Am I in an Unhealthy or Abusive Relationship?
Sometimes, an unhealthy or abusive relationship is pretty easy to spot. Consider this example:
Tina's parents were watching television as Tina (not her real name) burst through the front door without closing it, and ran into her bedroom. Her parents went to Tina's room to investigate. As they approached their daughter's bedroom, they could hear her crying hysterically. They asked if they could come in. Tina said yes.
Once they were in the bedroom, Tina turned to look at them, and they saw a bright red mark on the side of her face.
"He slapped me ... Brad hit me," Tina screamed. "We were sitting in his car outside of our house talking, and we got into an argument about his friends. I just don't like hanging around some of them. Well, Brad got so mad that he slapped me in the face. I've seen him lose his temper before, but I never thought it would be like this."
Tina's parents were frightened for their daughter and knew they had an extremely serious situation on their hands.
Warning Signs of an Unhealthy or Abusive Relationship
Tina's situation is far more common than you might imagine. A United States Department of Justice survey showed the following eye-opening facts:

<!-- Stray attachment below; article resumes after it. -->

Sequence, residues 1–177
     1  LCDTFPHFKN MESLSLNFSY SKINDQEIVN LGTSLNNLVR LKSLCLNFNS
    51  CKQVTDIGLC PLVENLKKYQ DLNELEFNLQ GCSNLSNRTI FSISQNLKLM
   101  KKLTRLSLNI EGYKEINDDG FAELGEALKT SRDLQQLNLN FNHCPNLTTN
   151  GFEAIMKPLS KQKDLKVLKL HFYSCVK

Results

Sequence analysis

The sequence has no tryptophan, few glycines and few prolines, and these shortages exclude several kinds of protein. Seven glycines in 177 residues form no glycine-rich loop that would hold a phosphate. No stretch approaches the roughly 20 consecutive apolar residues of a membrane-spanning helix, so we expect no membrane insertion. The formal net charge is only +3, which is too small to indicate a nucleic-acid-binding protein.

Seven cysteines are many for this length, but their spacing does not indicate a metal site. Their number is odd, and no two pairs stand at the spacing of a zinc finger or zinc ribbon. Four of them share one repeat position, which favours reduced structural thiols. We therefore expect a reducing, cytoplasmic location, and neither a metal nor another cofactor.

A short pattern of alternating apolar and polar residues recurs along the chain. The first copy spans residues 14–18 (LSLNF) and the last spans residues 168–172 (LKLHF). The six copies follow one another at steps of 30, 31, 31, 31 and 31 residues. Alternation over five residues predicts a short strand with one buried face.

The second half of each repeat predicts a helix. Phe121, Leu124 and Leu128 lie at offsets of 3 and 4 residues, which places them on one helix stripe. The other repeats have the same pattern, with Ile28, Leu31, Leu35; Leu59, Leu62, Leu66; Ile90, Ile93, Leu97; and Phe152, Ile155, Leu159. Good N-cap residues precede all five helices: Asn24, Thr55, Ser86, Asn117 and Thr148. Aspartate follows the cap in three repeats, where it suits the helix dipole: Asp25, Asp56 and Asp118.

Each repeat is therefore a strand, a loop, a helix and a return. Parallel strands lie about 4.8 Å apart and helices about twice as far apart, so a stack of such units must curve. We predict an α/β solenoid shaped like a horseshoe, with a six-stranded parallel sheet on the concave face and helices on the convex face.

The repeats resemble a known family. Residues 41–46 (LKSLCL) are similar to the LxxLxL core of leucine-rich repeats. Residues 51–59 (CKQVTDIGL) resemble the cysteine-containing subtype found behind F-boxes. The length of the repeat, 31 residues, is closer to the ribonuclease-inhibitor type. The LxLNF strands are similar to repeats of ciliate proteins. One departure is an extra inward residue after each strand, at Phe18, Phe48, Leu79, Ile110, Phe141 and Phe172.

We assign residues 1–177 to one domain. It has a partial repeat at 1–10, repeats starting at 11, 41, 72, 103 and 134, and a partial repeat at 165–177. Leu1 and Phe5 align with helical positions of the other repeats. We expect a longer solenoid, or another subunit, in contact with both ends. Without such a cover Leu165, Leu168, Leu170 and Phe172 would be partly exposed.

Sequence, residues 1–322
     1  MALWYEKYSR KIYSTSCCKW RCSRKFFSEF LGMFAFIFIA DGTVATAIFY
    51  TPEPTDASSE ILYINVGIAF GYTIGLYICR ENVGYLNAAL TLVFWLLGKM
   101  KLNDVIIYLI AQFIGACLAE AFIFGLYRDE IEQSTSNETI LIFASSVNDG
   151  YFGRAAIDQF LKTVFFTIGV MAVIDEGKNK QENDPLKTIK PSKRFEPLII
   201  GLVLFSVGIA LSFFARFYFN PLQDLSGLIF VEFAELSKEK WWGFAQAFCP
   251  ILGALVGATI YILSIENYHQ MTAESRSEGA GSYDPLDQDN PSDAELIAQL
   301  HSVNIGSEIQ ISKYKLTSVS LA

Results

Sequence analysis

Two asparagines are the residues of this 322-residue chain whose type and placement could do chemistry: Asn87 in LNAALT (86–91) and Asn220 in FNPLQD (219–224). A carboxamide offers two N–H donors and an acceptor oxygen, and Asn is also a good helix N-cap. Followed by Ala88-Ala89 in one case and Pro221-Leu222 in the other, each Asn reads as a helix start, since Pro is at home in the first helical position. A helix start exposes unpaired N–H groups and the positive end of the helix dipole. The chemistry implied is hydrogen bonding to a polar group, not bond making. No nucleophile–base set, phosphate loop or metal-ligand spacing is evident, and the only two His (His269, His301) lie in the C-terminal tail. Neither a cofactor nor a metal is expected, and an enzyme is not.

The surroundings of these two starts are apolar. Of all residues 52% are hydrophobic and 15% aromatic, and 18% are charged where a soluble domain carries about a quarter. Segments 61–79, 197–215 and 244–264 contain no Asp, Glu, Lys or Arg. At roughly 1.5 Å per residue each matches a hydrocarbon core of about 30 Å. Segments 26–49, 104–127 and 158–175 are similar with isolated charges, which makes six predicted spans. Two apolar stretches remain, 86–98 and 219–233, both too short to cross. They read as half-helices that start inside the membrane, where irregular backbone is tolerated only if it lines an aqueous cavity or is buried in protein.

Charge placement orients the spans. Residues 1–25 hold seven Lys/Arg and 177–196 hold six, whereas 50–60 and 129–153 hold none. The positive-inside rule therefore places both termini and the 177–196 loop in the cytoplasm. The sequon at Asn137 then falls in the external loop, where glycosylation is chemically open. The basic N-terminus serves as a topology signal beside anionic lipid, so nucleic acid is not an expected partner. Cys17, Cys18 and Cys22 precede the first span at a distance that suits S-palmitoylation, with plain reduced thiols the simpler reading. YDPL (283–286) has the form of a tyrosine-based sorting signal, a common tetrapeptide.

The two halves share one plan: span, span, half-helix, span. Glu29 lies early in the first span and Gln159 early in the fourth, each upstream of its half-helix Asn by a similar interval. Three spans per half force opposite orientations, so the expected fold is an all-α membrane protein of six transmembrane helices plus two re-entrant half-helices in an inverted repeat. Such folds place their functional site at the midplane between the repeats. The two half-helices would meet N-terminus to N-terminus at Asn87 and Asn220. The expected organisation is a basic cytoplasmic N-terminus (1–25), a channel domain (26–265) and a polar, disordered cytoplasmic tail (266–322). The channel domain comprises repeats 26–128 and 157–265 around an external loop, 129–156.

- 1 out of 3 teenagers has experienced violence in a dating relationship.
- 50% to 80% of teens have reported knowing others who were involved in violent relationships.
- 15% of teen girls and boys have reported being victims of severe dating violence (defined as being hit, thrown down, or attacked with a weapon).
- 8% of eighth- and ninth-grade teens have reported being victims of sexual dating violence.
- Young women, aged 16 to 24 years, experience the highest rates of relationship violence.
According to a 2014 Centers for Disease Control survey:
- Approximately 9% of high school students report being hit, slapped, or physically hurt on purpose by a boyfriend or girlfriend in the 12 months before surveyed.
- Among adult victims of rape, physical violence, and/or stalking by an intimate partner, 22% of women and 15% of men first experienced some form of partner violence between ages 11 and 17.